Kovacevic: Wingers can’t be a prayer


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Dominik Simon celebrates his goal Tuesday night at PPG Paints Arena. - AP

Dominik Simon caught himself, and cleverly at that.

I'd just asked, after he'd set up one goal and scored another in the Penguins' 7-3 slaughter of the Wild on this wonderful Tuesday night at PPG Paints Arena, how he and all the other wingers were going to maintain their own identities, their own level with not one but two superstar centers suddenly back in their midst.

You know, Sidney Crosby with four freaking points after missing two months.

Evgeni Malkin even more brilliant.

And Dom began like this: "I think it's a huge thing. I really do. You have those huge players next to you, and you're trying not to focus on them even though you wanted to play with them since you were little."

That's when he laughed.

"Or wait, you could never even picture playing with them."

Ha! Right!

Refreshing as that expressed realization was, it came with more.

"But yeah," he continued, "you've still got to be you. There's a reason why every one of us is here"

Sounds good. Now let's see it.

Sorry, not to be the deflater. This really was, as I described it, wonderful. All of it. And nothing more uplifting than seeing the captain doing all he does, then plopping down at his stall, answering all the requisite questions, then smiling with each strip of each slice of equipment.

"It was good," Crosby would say with a slight exhale.

At the same time, when a team soars up to an 18-6-4 stratosphere without a presence of his scope, it's safe to raise the bar. Not just for Crosby and Malkin. Not anymore. Singling out the superstars, for better or worse, is so 2017-19, if you will. Now, it's about the collective, the chemistry, the camaraderie and all that other syrupy stuff.

But it's also, in the entirely tangible sense, about the wingers.

It's about this:

That's Bryan Rust feeding the Russian bear for the icebreaker 7:57 into the game. It's a fine passing sequence, but Rust is the pivotal point.

And this:

That's Simon as the slick middleman between John Marino and Jared McCann precisely 10 minutes later. Another fine passing sequence, another pivotal point.

It kept coming:

Rust finished a Malkin drop pass for the ages, one that would've been wasted if he didn't do his job, if he didn't believe in himself.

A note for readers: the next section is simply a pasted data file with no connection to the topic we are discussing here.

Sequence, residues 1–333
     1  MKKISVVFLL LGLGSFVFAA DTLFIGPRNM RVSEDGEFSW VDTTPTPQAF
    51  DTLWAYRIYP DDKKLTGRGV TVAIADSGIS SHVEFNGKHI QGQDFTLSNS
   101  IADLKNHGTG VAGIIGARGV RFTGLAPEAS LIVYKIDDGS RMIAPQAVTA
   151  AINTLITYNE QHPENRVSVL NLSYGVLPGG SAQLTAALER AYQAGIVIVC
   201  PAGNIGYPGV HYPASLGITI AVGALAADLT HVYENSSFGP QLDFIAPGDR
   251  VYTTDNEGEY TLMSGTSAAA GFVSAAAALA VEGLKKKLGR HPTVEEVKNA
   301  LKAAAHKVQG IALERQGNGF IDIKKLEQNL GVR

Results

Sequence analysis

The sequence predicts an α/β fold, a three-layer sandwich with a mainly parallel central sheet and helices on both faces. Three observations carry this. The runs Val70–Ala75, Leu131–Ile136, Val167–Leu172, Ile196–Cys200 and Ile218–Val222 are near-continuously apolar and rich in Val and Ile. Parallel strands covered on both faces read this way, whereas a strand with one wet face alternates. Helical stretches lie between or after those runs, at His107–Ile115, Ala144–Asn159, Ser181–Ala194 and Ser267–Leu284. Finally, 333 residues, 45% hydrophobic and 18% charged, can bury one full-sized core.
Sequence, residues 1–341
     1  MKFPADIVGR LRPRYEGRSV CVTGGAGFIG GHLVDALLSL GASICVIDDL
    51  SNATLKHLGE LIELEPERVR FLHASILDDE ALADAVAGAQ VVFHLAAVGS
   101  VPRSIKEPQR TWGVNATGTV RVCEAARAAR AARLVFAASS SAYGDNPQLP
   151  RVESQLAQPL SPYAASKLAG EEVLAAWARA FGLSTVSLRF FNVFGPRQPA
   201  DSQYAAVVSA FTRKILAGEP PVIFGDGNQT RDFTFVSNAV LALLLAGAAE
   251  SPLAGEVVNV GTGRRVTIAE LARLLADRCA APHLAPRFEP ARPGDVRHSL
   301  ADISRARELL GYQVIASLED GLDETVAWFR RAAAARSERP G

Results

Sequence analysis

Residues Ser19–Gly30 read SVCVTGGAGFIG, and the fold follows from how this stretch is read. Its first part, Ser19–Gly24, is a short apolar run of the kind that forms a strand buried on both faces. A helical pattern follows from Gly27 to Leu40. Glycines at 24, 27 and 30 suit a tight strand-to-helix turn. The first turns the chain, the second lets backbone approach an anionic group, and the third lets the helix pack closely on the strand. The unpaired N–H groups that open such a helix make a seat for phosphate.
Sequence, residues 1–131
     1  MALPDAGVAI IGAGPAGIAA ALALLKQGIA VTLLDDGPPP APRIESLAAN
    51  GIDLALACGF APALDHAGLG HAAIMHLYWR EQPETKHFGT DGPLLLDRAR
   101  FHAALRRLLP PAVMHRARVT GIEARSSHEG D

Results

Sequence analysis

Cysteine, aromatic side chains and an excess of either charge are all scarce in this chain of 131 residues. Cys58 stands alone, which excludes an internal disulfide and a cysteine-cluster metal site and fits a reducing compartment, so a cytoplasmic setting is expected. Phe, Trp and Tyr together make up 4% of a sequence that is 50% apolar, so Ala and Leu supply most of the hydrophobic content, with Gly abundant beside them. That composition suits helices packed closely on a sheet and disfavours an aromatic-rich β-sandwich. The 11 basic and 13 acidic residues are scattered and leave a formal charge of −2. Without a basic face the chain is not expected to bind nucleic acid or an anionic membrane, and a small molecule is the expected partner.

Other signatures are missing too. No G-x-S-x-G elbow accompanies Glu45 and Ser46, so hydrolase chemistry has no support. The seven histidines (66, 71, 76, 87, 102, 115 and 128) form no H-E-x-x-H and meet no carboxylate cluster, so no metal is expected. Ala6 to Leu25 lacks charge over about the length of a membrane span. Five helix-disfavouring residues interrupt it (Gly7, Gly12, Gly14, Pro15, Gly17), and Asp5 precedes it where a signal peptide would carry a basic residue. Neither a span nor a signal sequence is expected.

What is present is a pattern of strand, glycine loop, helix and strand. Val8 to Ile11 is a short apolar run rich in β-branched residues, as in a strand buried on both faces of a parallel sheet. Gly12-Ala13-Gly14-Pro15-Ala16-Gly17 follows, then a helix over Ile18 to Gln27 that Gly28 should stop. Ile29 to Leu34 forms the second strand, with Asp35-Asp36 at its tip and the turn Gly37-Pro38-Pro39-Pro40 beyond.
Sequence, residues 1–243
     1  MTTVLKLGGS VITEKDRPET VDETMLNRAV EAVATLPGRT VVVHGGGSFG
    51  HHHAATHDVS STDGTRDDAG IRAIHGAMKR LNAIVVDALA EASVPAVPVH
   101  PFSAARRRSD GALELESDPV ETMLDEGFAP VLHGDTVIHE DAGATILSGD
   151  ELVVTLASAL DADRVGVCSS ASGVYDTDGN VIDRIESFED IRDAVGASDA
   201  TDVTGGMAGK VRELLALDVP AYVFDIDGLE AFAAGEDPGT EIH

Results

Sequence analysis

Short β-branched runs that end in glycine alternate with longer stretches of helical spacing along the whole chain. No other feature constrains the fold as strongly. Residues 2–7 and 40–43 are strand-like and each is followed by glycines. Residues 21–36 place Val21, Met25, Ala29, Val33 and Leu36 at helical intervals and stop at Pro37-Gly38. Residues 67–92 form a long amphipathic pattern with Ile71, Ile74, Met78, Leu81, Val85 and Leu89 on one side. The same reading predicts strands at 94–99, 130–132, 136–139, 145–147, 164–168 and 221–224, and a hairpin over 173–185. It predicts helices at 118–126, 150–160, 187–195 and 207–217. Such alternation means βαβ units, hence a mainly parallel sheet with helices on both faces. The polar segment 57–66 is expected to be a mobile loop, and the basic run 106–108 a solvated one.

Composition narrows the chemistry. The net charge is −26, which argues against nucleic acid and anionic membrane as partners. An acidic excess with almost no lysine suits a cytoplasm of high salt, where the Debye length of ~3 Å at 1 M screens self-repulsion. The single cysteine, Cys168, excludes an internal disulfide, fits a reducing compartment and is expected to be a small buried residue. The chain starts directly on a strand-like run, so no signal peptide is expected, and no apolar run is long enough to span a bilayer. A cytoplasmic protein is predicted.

I posed the same question to Rust that I did to Simon.

"It's huge," he'd reply identically. "I think everyone in this room takes pride in their own game, takes pride in what they bring. It doesn't matter who we have out, who we have back in, guys are going to continue to bring what they have every night. And I think tonight was a good start."


Hell, Alex Galchenyuk scored!

But it also came on a night when the opponent was as dispirited, as disorganized as the Penguins were the opposite. Far greater challenges are ahead, not least of which is Thursday night in Boston. And it says here that nothing will matter more, particularly over the next little while, than how well the wingers stack up.

Let's be real: Jim Rutherford's going to want to make a move, and he'll want it to be on the wing. It's one thing to compensate for the loss of Jake Guentzel in January, quite another in the Stanley Cup playoffs. Real pedigree, real production will be a must. And as pricy as the apparent external options -- Chris Kreider, Mike Hoffman, etc. -- might be, there's also got to be a real reluctance to risk anything that could disrupt all that intangible goodness already in place.

So yeah, it was "a good start," as Rust worded it. Because nothing could solidify this team more than seeing Rust, Simon, McCann, a resurgent Patric Hornqvist, an equally visible Dominik Kahun, even Brandon Tanev ... all of them offering consistent contributions. If someone arrives from the outside, let that someone be a bonus, not a burden-carrier.

That'll start, as these guys universally agreed after this game, by staying true to themselves. The model for that very thing, unfortunately, is Guentzel, but that can still be the guide.

"All eyes are going to be on Sid and Geno now, and that's right because they're the best players," Kahun replied to my same question. "But that's good for us, too. We've got enough all-around players here, who can make plays, score goals. You have to be yourself out there. You have to be the best version of yourself. We all know why we're here. We all know we belong in the NHL. We all know we're part of helping this team win."

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